Professor Scott Kable

My Expertise

Atmospheric Chemistry

Chemical Reaction Mechanisms

Spectroscopy (Electronic, vibrational, UV-vis, infrared)



Fields of Research (FoR)

Reaction kinetics and dynamics, Atmospheric composition, chemistry and processes, Chemical thermodynamics and energetics, Air pollution modelling and control, Structural Chemistry and Spectroscopy, Environmental Chemistry (incl. Atmospheric Chemistry)

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Prof Scott Kable is the President of the Academic Board at UNSW Sydney.  His disciplinary home is the School of Chemistry, where he was Head of School from 2015-2023.

Prof Kable has a PhD from Griffith University. Postdoctoral research at Cornell University followed. After a short stint in industry with Procter and Gamble in London, he started his independent academic career at the University of Sydney in 1992.  In 2014, he moved to UNSW as a...view more

Prof Scott Kable is the President of the Academic Board at UNSW Sydney.  His disciplinary home is the School of Chemistry, where he was Head of School from 2015-2023.

Prof Kable has a PhD from Griffith University. Postdoctoral research at Cornell University followed. After a short stint in industry with Procter and Gamble in London, he started his independent academic career at the University of Sydney in 1992.  In 2014, he moved to UNSW as a research professor and was appointed Head of School in 2015.

As a researcher, Prof Kable studies fundamental chemical reaction dynamics, especially with relevance to atmospheric chemistry. His research group have discovered new chemical pathways that improve our understanding of important atmospheric processes, such as climate change, ozone depletion and pollution. He is a recipient of the Le Fevre Medal of the Australian Academy of Science, the Physical Chemistry Medal of the Royal Australian Chemical Institute (RACI) and a Fulbright Senior Fellowship. He has twice served on the ARC College of Experts and was Chair of the Physics, Chemistry and Earth Sciences Panel in 2015.

Prof Kable is also a celebrated teacher.  He has won Vice Chancellor’s teaching awards three times at U. Sydney and once at UNSW.  He has been the recipient of Carrick (national) teaching awards twice, and teaching awards from the RACI.

My Grants

"The forgotten role of the ground state in atmospheric chemistry", ARC Discovery Grant (DP190102013), 2019-21, $520k

"Resolving the interstellar carbon crisis with multi-laser spectroscopy", ARC Discovery Grant (DP190103151), 2019-21, $403k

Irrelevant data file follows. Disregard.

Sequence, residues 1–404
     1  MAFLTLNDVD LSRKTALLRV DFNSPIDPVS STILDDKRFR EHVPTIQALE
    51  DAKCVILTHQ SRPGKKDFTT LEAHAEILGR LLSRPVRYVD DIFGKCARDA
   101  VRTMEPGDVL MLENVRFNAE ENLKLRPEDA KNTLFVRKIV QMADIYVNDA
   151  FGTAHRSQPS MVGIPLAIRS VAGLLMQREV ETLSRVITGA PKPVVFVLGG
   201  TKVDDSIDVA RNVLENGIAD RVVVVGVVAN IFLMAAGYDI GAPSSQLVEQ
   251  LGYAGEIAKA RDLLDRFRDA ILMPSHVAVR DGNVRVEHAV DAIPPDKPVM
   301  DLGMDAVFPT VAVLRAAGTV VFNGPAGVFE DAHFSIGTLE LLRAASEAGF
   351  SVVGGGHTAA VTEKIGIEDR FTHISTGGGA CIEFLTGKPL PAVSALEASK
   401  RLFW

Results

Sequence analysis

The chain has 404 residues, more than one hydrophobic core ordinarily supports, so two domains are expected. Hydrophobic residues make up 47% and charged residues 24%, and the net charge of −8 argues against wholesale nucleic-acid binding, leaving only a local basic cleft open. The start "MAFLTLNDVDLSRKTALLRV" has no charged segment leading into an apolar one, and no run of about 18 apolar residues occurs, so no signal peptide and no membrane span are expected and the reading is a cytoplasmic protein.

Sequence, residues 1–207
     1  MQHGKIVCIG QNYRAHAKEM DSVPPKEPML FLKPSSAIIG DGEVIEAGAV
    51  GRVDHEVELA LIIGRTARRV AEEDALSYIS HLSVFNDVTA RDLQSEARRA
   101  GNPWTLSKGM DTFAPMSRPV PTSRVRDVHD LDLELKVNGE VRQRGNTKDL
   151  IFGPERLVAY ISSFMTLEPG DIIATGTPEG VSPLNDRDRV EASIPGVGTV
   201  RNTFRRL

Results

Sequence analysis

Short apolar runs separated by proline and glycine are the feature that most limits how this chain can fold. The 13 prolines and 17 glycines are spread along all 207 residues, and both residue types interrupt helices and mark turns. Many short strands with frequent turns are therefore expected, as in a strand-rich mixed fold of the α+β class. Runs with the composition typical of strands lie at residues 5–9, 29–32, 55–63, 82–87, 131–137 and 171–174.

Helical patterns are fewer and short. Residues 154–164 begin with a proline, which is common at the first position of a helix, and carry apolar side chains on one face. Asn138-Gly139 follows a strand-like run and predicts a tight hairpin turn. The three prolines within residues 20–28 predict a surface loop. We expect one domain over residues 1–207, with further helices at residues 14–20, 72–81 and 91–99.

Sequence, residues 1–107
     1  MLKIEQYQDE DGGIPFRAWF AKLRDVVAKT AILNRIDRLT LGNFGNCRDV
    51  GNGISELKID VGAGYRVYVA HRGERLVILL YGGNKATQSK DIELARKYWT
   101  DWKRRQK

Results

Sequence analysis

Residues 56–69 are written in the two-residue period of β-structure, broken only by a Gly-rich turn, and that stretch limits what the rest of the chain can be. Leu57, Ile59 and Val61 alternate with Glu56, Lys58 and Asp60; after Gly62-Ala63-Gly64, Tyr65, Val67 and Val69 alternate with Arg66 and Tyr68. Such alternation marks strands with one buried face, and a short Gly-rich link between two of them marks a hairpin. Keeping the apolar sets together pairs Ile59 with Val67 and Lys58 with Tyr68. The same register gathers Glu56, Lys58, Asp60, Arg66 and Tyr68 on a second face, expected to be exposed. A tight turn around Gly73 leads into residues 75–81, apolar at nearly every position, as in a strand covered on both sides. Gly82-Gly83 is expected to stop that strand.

"Shared Laser Consortium", ARC LEIF (LE180100060), 2018, $983k

"Threshold - Mastery Learning in Chemistry 1", UNSW Strategic Education Fund,  2018-19, $170k

"Atmospheric photochemistry - it's a lot more complicated than we thought", ARC Discovery (DP160101792), 2016-18, $498k

"Reactive Intermediates in Atmospheric and Combustion Chemistry ", ARC Discovery (DP150102779), 2015-18, $649k

My Qualifications

  • PhD (Griffith Univ, 1988).
  • BSc.(Hons 1) (Griffith Univ., 1983).
  • Grad. Dip. Business Admin (QUT, 1986).

My Awards


  • 2016: Physical Chemistry Medal (RACI)
  • 2010: Fulbright Senior Fellow.
  • 2006: Aust. Academy of Science Travel Fellowship.
  • 1998: JILA Fellow (U. Colorado)
  • 1996: Le Fevre Prize (Aust. Academy of Science).
  • 2004: Centenary of Federation Teaching Award (RACI)
  • 1998: Excellence in Teaching Award (U. Sydney)


  • 2016: Vice Chancellor's Award (Support of the Student Experience, UNSW)
  • 2008: Vice Chancellor's Award (Support of the Student Experience, U. Sydney)
  • 2007: Carrick Program Award (Programs that Enhance Students Learning).
  • 2997: Vice Chancellor's Award (Support of the Student Experience, U. Sydney)
  • 2006: Carrick Citation (Outstanding Contribution to Student Learning)
  • 2004: Centenary of Federation Teaching Award (RACI)
  • 1998: Excellence in Teaching Award (U. Sydney)


  • 2016: Fellow of the Royal Society of NSW
  • 2012: Citation for Service to the RACI
  • 1999: Fellow of the RACI

My Research Activities

My research is divided into four streams - 1) reaction dynamics, 2) atmospheric chemistry; 3) spectroscopy of radicals, and 4) science education. The first three are experimental research conducted in the Molecular Photonics Laboratories (co-led with Prof Tim Schmidt), while the third area is run in collaboration with researchers in the Advancing Science by Enhancing Learning in the Laboratory (ASELL)Project (

1. Reaction Dynamics and Mechanisms

Collaborators: Prof Jordan (U.Syd.), Dr Osborn (Sandia Nat'l Labs), Prof Bowman (Emory Univ.) Prof Houston (Cornell Univ.) In this project we excite isolated molecules with a laser and detect the reaction products with exceptional sensitivity. In detecting the products we measure the speed of the fragments, their internal energy, and their orientation. This high level of detail allows us to determine the mechanism of the reaction, and to discover new mechanisms when known mechanisms do not fit the experimental picture. Our most significant recent discoveries include: i) Roaming pathways. Conventional chemical theory cannot explain many details of these reactions. ii) Phototautomerization. We discovered recently that when small carbonyls absorb light they undergo tautomerization. This might explain the origin of organic acids in the atmosphere, which is vastly underrepresented in atmospheric models.

2. Atmospheric Chemistry

Collaborators:  Prof Jordan (Univ. Sydney), A/Prof Fisher (Univ. Wollongong), Dr Hansen (UNSW), Dr Fittschen (Univ. Lille). In this project we discover new reaction mechanisms and pathways relevant to atmospheric chemistry.  Photochemical pathways are probed in the laboratory, validated using computational chemistry and tested in global atmospheric models.  We determine fundamental photochemical processes using molecular beam experiments, and also photooxidation and photo reduction fates of these fundamental processes under atmospheric conditions. Our philosophy is that atmospheric processes can only be truly understood if the fundamental process are first determined.

3. Spectroscopy of Radicals